The Society of Fellows in the Humanities Presents “The Potency of Indigenous Bibles and Biographies”

Sunday, October 26, 2014  6:15pm The Heyman Center, Second Floor Common Room

Sponsors

Society of Fellows in the Humanities

Mapuche oral shamanic biographies and performances—some of which take the form of “Bibles” and shamanic literacies—play a central role in the production of indigenous history in southern Chile. In this talk, titled "The Potency of Indigenous Bibles and Biographies: Mapuche Shamanic Literacy and Historical Consciousness," Professor Bacigalupo explains how and why a mixed-race Mapuche shaman charged her to write about the shaman's life and practice in the form of a “Bible.” The book would become a ritual object and a means of storing the Mapuche woman's shamanic power by textualizing it, thereby allowing her to speak to a future audience. The realities and powers her “Bible” stories can be extracted, transformed, circulated, and actualized for a variety of ends, even to bring about shamanic rebirth. Ultimately, Professor Bacigalupo argues that through their use and interpretation of this “Bible,” Mapuche shamans in southern Chile expand academic notions of indigenous history and literacy. [shaman, text, Bible, mestizo, history, literacy, Mapuche, Chile].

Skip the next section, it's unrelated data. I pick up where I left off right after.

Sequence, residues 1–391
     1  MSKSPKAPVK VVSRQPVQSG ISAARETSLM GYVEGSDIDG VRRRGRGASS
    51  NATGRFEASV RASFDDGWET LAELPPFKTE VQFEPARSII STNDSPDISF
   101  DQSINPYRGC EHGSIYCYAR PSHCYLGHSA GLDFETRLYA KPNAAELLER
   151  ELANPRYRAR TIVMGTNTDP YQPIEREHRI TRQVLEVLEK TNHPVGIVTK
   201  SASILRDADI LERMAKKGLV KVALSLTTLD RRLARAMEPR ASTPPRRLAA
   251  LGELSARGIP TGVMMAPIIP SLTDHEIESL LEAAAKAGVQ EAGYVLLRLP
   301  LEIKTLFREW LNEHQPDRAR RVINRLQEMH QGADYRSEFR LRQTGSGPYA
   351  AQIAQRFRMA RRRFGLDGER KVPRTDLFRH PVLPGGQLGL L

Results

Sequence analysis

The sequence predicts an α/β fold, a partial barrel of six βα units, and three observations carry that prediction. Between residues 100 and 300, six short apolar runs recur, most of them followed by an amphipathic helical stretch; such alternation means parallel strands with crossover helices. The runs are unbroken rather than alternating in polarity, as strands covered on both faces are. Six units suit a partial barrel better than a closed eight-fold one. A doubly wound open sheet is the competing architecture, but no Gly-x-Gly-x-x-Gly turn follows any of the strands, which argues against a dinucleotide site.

The talk is organized by Brian Goldstone, Fellow in the Society of Fellows in the Humanities and Lecturer in Anthropolgy.

Event is free and open to the public. Seating is first come, first served.

Participants

  • Ana Mariella Bacigalupo

    Associate Professor of Anthropology

    University at Buffalo, The State University of New York

  • Laurel Kendall

    Adjunct Professor of Anthropology

    Columbia University

  • Jennifer Cole

    Professor, Department of Comparative Human Development

    University of Chicago

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